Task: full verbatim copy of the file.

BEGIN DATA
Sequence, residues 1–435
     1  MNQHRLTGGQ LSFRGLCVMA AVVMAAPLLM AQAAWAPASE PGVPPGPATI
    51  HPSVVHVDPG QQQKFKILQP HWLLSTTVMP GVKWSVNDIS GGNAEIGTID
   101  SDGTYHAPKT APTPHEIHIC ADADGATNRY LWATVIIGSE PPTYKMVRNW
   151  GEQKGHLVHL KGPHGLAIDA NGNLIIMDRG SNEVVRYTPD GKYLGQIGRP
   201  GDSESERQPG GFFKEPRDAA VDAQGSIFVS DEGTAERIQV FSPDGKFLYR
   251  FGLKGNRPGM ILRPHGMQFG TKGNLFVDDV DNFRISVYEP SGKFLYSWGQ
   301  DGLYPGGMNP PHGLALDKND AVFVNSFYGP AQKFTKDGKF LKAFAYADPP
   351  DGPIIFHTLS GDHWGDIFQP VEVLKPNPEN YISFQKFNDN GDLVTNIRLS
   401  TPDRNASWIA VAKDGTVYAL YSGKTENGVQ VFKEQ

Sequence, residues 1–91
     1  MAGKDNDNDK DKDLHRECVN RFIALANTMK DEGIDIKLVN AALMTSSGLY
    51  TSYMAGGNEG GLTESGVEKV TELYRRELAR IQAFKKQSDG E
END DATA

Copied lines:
Sequence, residues 1–435
     1  MNQHRLTGGQ LSFRGLCVMA AVVMAAPLLM AQAAWAPASE PGVPPGPATI
    51  HPSVVHVDPG QQQKFKILQP HWLLSTTVMP GVKWSVNDIS GGNAEIGTID
   101  SDGTYHAPKT APTPHEIHIC ADADGATNRY LWATVIIGSE PPTYKMVRNW
   151  GEQKGHLVHL KGPHGLAIDA NGNLIIMDRG SNEVVRYTPD GKYLGQIGRP
   201  GDSESERQPG GFFKEPRDAA VDAQGSIFVS DEGTAERIQV FSPDGKFLYR
   251  FGLKGNRPGM ILRPHGMQFG TKGNLFVDDV DNFRISVYEP SGKFLYSWGQ
   301  DGLYPGGMNP PHGLALDKND AVFVNSFYGP AQKFTKDGKF LKAFAYADPP
   351  DGPIIFHTLS GDHWGDIFQP VEVLKPNPEN YISFQKFNDN GDLVTNIRLS
   401  TPDRNASWIA VAKDGTVYAL YSGKTENGVQ VFKEQ

Sequence, residues 1–91
     1  MAGKDNDNDK DKDLHRECVN RFIALANTMK DEGIDIKLVN AALMTSSGLY
    51  TSYMAGGNEG GLTESGVEKV TELYRRELAR IQAFKKQSDG E